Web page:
At the tender age of ten, Kennedy was a homeless boy roaming the streets of Nairobi. The pain had become too much to bear and so he decided to run away from home. At the age of fifteen, ‘luck’ befell him and he got a job at a factory where he made Ksh 100 ($ 1. 2) a day after 10 hours of labour. It was also then that he had begun to read on Martin Luther King Jr. “Each day I cried and cried. This could not be life. Was I born to live this way? Is poverty bound to flow through my veins till I die? Is it genetic? My grand dad was a poor fisherman, his father too…this just cannot be life.”
Fast forward to 2015 and I am seated across this gentleman known as Kennedy. He tells me about the countless number of friends that he lost along this journey called life. The pain is palpable and I could see it through his eyes as he spoke fondly of them. Some committed suicide, while others were killed by the police. “It was crazy, I was crazy. I had lost all hope, I was violent. “
“It was on one of these long days after working at the factory that I began to question myself and question God. Flooded with tears, I told him that he could not bring me into this world to know such hard living. Hard pressed against the wall I could only bounce back. So I decided to buy a football from that day’s earning and called my friends together. I told them that there had to be more to life. Some thought I was mad but this football brought us together. I told them that we had to transform the society by ourselves,” Kennedy narrates. His words ring true and remind me of Victor Frankl’s words in his revolutionary book, ‘Man’s search for meaning’ where he writes of his experiences in the Nazi gas camps. He states that man when questioning his existence should not ask what he expects from life but what life expects from him.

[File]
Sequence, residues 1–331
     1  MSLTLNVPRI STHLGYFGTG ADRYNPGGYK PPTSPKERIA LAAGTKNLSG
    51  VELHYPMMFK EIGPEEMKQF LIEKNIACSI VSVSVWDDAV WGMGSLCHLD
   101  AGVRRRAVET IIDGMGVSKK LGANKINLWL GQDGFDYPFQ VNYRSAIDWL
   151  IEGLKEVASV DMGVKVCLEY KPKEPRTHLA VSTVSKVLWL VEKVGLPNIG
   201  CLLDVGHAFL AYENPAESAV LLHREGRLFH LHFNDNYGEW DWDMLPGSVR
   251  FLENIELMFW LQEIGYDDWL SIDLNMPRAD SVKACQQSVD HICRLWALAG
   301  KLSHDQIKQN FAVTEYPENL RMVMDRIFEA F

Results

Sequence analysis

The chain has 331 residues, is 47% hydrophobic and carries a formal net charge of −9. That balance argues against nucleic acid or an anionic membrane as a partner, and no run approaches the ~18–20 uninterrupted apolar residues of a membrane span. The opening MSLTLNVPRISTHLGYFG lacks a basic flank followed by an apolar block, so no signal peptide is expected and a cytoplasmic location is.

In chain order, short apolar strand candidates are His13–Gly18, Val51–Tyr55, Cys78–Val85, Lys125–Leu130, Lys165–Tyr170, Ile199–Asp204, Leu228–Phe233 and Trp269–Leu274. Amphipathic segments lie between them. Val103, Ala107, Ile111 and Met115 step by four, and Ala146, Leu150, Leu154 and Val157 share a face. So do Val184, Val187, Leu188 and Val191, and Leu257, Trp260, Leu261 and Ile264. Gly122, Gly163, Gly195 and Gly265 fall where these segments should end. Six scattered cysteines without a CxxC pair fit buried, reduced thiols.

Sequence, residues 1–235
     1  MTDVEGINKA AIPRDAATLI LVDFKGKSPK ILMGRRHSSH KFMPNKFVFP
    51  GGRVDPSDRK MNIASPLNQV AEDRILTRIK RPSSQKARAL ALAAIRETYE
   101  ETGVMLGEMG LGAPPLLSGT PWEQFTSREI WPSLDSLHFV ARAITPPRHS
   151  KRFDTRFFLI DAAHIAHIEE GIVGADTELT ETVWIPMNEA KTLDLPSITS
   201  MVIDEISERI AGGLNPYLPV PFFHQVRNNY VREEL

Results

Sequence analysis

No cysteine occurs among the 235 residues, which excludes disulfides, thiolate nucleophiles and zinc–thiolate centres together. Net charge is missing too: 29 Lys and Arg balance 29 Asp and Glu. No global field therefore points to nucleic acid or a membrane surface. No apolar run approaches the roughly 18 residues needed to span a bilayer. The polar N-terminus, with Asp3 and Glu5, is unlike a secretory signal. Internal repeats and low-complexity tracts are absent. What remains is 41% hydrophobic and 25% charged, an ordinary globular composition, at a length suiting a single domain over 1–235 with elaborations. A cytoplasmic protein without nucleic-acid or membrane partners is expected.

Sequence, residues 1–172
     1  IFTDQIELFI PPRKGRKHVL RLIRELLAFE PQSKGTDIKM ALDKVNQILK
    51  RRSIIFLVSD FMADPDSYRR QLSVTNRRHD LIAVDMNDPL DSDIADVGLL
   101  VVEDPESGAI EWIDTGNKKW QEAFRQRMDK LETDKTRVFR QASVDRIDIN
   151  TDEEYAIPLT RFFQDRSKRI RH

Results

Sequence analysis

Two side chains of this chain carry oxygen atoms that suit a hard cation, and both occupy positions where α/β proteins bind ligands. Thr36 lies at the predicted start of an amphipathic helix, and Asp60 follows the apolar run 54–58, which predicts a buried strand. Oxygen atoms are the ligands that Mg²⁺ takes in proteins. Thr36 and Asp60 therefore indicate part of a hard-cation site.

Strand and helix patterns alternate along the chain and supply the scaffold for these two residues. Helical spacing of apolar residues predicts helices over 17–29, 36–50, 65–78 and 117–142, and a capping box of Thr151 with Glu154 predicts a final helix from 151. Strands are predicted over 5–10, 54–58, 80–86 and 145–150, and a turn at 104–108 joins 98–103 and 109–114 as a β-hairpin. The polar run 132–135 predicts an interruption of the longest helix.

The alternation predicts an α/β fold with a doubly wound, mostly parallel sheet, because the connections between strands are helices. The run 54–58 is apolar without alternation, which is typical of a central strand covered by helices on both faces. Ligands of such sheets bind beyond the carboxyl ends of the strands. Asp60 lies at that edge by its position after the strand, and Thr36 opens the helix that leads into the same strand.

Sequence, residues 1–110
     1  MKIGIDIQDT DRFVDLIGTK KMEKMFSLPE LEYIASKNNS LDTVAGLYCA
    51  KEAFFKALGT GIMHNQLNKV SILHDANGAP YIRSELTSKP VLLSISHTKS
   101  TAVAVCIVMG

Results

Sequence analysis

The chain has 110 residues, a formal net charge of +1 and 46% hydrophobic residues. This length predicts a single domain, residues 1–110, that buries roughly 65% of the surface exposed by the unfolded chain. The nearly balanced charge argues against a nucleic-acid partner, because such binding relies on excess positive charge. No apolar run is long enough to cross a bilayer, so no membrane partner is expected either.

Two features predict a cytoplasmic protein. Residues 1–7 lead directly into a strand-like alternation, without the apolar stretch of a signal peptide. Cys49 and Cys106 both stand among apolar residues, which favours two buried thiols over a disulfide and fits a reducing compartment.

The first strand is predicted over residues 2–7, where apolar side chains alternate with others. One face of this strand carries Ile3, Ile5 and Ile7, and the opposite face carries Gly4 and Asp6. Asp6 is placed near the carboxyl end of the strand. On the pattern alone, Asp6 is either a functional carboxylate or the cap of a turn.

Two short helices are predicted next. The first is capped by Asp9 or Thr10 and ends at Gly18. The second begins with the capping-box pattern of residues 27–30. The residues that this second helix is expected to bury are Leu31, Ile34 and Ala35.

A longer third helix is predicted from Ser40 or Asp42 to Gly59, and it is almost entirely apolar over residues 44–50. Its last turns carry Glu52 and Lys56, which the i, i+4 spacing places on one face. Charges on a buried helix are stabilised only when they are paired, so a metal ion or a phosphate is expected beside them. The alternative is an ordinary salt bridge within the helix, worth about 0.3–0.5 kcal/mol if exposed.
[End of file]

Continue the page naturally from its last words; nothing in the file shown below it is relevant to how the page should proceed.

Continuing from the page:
Today Kennedy is a success story, he is one of the leading social entrepreneurs in the world and has transformed Kibera and Mathare through the organization that he started back then at fifteen years of age, ‘Shining Hope for Communities.’ A community based and owned organization that is anchored on providing quality education, health care, water and sanitation and economic empowerment to society. Today the organization is serving over 70,000 people.